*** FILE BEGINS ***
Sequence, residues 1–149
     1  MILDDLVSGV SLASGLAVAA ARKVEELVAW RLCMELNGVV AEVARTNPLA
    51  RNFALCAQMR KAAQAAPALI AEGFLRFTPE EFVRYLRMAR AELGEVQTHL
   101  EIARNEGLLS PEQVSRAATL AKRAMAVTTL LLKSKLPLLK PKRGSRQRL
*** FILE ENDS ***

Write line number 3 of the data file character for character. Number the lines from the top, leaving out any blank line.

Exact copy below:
    51  RNFALCAQMR KAAQAAPALI AEGFLRFTPE EFVRYLRMAR AELGEVQTHL